Ptosis is an abnormally low position (drooping) of the upper eyelid. Ptosis occurs when the muscles that raise the eyelid (levator and Müller’s muscles) are not strong enough to do so perfectly. It can affect one eye or both eyes and occurs more frequently in the elderly, as muscles in the eyelids might possibly begin to deteriorate.
The drooping might possibly be worse after being awake longer, when the individual’s muscles are tired. This condition is often called “lazy eye”, but that term normally refers to amblyopia. If severe enough and left untreated, the drooping eyelid can cause other conditions, such as amblyopia or astigmatism. This is why it is especially important for this disorder to be treated in children at a young age, before it can interfere with vision development.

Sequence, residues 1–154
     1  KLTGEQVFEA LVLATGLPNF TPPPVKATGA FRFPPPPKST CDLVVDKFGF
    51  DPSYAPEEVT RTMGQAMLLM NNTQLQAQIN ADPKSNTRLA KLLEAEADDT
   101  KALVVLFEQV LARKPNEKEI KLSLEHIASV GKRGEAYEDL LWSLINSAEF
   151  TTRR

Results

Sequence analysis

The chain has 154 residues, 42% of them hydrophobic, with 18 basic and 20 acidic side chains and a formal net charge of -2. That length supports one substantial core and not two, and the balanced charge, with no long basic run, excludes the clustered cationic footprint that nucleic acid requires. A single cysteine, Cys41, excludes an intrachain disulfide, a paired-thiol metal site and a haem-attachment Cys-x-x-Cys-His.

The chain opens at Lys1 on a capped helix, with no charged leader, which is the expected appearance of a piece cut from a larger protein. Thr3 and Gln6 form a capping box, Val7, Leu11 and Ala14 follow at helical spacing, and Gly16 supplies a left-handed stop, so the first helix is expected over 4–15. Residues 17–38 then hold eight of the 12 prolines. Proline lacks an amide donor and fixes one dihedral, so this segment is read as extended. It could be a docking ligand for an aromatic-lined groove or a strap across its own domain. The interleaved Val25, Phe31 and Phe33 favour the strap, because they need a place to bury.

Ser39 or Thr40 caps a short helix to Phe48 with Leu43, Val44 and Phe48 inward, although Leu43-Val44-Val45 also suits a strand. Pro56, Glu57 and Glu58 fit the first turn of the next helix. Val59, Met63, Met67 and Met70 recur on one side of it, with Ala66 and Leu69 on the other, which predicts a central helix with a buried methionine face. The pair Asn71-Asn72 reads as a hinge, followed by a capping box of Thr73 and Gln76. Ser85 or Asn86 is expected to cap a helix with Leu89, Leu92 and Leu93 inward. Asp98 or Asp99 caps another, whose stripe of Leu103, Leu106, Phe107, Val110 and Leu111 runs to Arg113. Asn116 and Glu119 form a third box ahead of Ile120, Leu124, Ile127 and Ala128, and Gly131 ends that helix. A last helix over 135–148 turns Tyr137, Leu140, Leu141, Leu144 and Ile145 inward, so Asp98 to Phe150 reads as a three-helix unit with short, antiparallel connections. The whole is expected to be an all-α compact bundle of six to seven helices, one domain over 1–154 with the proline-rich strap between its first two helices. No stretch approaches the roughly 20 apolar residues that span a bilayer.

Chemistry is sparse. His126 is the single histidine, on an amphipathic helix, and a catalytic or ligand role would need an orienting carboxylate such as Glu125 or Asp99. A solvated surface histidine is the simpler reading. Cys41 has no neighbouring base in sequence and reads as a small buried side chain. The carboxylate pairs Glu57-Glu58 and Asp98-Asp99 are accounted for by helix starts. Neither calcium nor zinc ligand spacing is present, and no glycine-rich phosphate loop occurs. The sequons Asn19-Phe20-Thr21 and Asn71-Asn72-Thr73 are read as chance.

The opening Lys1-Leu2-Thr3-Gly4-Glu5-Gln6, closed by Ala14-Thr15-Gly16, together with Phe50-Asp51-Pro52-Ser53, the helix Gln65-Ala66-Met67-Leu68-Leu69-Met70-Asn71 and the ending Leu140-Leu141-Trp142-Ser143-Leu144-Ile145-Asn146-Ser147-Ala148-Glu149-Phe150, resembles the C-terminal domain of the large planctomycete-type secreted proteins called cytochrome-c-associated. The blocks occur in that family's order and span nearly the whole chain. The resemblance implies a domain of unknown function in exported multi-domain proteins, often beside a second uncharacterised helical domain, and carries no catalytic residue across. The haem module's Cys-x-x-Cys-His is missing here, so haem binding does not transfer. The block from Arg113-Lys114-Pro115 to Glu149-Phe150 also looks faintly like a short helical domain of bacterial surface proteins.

There are two ‘main’ surgeries that might possibly be performed on the upper eyelid. This section addresses Ptosis which is the medical term for drooping of the upper eyelid; it might possibly affect one or both eyes. The other surgery of the upper eyelid addresses excess skin is repaired by blepharoplasty.